How does Santa deliver billions of gifts in one night? Quantum physics . . .

TCD scientists speculate Santa uses ‘macroscopic superposition’ to be in many places simultaneously on Christmas Eve

It was always known Santa Claus used the best technology and most advanced science to make what seemed impossible happen – the delivery of so many gifts to children around the world in a single night.

But one question has always bugged the best scientists: How on Earth does he visit all those different places within such a short period?

As that magical time of the year again approaches when Santa Claus will set off on his merry way, that familiar question surfaces yet again, but scientists at Trinity College Dublin have thrown new light on how it is made possible.

In many sceptics' minds Santa seems to defy the laws of physics. But for quantum physicists there is no issue. The most modern theory, according to Prof John Goold and Dr Mark Mitchison, based in TCD school of physics, is that Santa Claus is in fact exploiting quantum mechanics to deliver the gifts, and there is much to suggest this is the case.


In a nutshell, quantum mechanics allows objects – including Santa, Rudolph and co – to be in many places simultaneously. That is the key ingredient, which allows for his extraordinarily efficient delivery on Christmas Eve.

Quantum physics describes the basic building blocks of the stuff we can see around us. It explains almost everything we understand about the world: how the sun shines, why metal looks and feels different from plastic or wood, and very many other things.

But quantum physics also makes some bizarre predictions, starting with the fact that objects can be in “superposition” – meaning they exist in many different places at the same time!

Prof Goold explains: “Experiments show that these weird states describe tiny things – like atoms – but also much larger things too. In fact, an important part of our job as physicists is trying to put bigger and bigger objects into superpositions, which we think will help us to build ultra-fast computers and a more secure Internet in the future. But we still haven’t learned to do it as well as Santa can!”

For quantum physicists, he says, there is little doubt now that Santa is exploiting, “what we know as ‘macroscopic quantum coherence’, which is precisely the same resource used by cutting-edge quantum technologies to outperform technologies based on classical physics”.

Einstein vs Santa

Historically the idea an object can be in a macroscopic superposition has led to controversy. In fact, many scientists over the years have questioned if quantum physics can really be true. Probably the most famous critic was Albert Einstein, who helped to discover quantum physics over 100 years ago but then spent the rest of his life arguing it was incomplete.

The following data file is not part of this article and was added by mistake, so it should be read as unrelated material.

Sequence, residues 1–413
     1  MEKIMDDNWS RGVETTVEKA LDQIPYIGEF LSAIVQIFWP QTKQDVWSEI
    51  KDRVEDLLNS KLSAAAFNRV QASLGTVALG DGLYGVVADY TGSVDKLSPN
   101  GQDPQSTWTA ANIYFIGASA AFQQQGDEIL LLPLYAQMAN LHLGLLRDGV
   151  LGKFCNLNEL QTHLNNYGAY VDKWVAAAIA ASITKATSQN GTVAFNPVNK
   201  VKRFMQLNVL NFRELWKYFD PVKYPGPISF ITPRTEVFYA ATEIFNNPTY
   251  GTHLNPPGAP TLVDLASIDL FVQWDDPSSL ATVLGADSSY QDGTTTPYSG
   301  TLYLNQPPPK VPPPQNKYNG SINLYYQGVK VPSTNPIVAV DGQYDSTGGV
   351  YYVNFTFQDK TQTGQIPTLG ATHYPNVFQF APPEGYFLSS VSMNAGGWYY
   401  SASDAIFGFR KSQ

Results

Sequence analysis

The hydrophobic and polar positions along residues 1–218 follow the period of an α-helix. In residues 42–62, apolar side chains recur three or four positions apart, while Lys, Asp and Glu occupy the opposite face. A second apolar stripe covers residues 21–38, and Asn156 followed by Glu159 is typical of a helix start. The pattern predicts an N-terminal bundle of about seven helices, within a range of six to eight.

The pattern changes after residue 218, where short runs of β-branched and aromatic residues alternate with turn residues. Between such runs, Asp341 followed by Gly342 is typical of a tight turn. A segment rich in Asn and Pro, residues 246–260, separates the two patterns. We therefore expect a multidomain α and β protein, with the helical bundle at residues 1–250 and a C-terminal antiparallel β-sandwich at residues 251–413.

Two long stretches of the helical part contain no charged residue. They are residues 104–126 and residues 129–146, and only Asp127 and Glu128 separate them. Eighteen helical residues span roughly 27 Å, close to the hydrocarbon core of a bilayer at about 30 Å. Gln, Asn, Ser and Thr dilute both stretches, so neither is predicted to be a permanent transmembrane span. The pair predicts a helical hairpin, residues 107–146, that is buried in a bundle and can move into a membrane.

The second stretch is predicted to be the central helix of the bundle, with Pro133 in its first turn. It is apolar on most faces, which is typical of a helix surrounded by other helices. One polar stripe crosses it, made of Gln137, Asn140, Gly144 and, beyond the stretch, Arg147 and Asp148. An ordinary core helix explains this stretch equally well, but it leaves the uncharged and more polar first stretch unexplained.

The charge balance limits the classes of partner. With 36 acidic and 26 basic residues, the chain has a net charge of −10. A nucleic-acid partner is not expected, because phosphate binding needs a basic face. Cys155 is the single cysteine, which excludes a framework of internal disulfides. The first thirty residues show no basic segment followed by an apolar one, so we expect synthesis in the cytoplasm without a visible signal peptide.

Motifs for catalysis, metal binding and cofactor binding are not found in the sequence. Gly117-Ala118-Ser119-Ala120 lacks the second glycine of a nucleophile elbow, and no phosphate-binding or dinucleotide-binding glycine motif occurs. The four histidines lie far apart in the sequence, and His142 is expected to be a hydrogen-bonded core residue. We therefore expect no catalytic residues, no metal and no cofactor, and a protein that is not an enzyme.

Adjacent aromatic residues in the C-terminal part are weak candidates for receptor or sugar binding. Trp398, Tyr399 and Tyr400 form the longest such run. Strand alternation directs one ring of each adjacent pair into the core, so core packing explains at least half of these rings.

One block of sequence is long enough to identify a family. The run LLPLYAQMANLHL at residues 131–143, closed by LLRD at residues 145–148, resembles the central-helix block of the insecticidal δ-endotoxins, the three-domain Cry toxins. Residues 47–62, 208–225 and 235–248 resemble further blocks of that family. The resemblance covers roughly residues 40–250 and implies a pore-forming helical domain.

However, an intriguing rumour circulating since Einstein’s time is that he hated Christmas (basically, the rumour, which may or may not have originated at the North Pole, implies he was a Grinch who didn’t like Santa Claus). Even after sparking a revolution in physics and establishing himself as the smartest man in history, Einstein still wasn’t as famous as Santa, Prof Goold notes.

Green with envy, some believe Einstein tried to discredit Santa by arguing quantum superpositions were impossible so no one could possibly visit all the children in the world in one night. Nowadays, scientists don’t take Einstein’s ideas about quantum physics seriousl,y and it is widely accepted that superpositions are real – along with Santa Claus.

Even if we agree that Santa uses quantum physics to bring gifts to all the children in the world on the same night, we still don’t understand exactly how he does it, the scientists admit.

“When we observe a quantum object, we only ever find it in one place at a time. This tells us that superpositions are very fragile. Just looking at them causes them to ‘collapse’, which means the object ends up in just one place and all the other possibilities vanish,” Dr Mitchison adds.

“We are pretty sure that Santa has developed some advanced technology to protect his quantum superposition and stop such a collapse from ruining Christmas. But – just in case – we advise children the world over to go to bed early on Christmas Eve and suggest they don’t try to catch a glimpse of him and risk collapsing his merry superposition!”

Kevin O'Sullivan

Kevin O'Sullivan

Kevin O'Sullivan is Environment and Science Editor and former editor of The Irish Times